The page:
6.President Obama is rethinking the United States’ nuclear policy, and is considering reducing America’s nuclear arsenal by thousands of weapons. (G.D.)

7. President Obama had his yearly physical, and was declared in “excellent health.” But his doctor recommended that he continue his “smoking cessation efforts.” Let’s get it together, POTUS. (G.D.)

8. The NYT has a story echoing Shani’s piece at The American Prospect on the racial argument being made against abortion.  A disturbing quote from the Times story: “‘Before we saw the [anti-abortion] movie, I was pro-choice,’ said Markita Eddy, a sophomore. But were she to get pregnant now, Ms. Eddy said, ‘it showed me that maybe I should want to keep my child no matter what my position was, just because of the conspiracy.’” (G.D.)

9. The Supreme Court is set to hear a change-of-venue case brought by Jeffrey Skilling, the convicted former head of Enron, whose lawyers argue that Houston jurors were too biased to grant him a fair trial. It’s a chance for the court to update their jurisprudence on juror bias; how do you find untainted jurors in Internet age? (G.D.)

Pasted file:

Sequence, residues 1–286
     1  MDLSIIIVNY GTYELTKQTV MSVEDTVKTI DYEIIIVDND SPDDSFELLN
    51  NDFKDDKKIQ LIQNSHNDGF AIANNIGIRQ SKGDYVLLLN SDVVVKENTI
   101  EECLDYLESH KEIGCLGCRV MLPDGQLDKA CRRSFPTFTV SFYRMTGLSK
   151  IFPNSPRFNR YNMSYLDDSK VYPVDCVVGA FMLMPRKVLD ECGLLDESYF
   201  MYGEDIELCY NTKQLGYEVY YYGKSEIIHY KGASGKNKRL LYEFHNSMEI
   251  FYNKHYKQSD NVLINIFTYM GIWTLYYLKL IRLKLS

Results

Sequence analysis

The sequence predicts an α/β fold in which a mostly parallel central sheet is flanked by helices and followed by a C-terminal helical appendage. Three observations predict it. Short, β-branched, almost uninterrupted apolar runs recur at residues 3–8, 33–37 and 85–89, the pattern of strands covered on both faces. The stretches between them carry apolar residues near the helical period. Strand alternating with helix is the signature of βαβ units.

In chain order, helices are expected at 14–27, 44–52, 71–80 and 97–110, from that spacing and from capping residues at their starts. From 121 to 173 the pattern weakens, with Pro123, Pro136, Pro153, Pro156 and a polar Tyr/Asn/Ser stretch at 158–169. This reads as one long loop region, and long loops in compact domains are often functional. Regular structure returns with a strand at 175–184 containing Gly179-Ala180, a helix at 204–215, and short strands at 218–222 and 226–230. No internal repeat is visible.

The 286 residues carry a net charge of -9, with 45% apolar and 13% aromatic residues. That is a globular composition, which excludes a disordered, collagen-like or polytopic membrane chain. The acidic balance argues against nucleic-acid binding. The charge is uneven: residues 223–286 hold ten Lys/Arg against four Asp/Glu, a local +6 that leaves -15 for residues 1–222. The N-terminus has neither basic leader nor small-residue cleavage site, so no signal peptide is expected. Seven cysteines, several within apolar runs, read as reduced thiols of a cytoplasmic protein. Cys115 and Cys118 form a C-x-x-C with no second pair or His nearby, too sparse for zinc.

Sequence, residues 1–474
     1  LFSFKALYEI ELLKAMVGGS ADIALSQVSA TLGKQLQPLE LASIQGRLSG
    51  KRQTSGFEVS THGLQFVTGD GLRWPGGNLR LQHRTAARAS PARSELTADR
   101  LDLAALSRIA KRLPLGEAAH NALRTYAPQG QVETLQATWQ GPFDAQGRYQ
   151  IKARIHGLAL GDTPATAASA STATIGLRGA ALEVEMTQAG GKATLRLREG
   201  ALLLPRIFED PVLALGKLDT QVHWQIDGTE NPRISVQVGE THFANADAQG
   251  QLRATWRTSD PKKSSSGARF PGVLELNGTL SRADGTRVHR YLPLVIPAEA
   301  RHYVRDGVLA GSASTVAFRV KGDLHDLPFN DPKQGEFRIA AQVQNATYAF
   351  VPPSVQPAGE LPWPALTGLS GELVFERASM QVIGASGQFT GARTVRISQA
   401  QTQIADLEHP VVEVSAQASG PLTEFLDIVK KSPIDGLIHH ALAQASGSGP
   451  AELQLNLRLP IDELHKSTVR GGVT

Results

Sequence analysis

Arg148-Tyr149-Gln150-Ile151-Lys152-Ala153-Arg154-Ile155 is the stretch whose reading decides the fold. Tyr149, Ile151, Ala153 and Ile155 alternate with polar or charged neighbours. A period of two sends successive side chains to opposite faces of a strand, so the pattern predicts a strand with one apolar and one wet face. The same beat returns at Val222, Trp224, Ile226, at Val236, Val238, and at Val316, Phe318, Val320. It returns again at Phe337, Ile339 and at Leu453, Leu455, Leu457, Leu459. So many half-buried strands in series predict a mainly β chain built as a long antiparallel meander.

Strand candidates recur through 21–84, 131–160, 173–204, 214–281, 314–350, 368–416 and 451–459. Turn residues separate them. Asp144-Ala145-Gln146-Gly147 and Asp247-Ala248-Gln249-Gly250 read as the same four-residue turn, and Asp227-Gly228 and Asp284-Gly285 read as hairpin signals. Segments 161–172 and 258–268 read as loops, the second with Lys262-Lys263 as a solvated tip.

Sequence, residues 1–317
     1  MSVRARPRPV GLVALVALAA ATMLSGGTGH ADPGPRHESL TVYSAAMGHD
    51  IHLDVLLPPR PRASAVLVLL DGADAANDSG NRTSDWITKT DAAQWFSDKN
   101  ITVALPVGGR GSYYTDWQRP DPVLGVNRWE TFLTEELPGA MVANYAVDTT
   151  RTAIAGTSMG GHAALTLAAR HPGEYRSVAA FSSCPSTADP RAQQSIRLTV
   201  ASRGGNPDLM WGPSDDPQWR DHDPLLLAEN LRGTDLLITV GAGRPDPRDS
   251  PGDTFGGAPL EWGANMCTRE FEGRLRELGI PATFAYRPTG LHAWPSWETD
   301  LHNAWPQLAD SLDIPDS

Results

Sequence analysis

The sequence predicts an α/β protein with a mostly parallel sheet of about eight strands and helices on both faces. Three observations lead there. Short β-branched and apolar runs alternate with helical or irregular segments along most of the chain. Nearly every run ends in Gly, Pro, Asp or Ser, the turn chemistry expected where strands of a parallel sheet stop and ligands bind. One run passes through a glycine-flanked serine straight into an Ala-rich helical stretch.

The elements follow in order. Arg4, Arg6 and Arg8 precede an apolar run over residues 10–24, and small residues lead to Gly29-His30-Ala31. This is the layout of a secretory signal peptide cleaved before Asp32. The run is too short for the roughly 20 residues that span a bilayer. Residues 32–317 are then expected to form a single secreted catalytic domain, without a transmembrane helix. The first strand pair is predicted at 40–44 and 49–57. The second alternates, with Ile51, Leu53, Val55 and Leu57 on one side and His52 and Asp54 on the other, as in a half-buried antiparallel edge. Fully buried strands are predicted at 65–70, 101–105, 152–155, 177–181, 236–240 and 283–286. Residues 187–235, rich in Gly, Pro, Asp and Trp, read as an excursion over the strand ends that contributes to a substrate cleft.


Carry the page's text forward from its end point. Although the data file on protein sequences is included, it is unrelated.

10. No means no…unless you’re a man. Here’s an interesting piece on Feministe about sexual assault committed by women and it’s relationship to our ideas about male sexuality. (Alisa)

11. National Journal makes the case for George Wallace as godfather of the modern conservative movement. (Blackink)

12. I really wish they’d called it the latte party instead. (Quadmoniker)